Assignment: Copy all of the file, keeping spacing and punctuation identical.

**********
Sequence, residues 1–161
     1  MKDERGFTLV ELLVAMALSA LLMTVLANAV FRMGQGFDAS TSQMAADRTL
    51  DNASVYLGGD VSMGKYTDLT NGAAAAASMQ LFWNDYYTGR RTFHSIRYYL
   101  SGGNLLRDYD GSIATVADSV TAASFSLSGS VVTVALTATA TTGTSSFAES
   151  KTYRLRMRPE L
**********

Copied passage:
Sequence, residues 1–161
     1  MKDERGFTLV ELLVAMALSA LLMTVLANAV FRMGQGFDAS TSQMAADRTL
    51  DNASVYLGGD VSMGKYTDLT NGAAAAASMQ LFWNDYYTGR RTFHSIRYYL
   101  SGGNLLRDYD GSIATVADSV TAASFSLSGS VVTVALTATA TTGTSSFAES
   151  KTYRLRMRPE L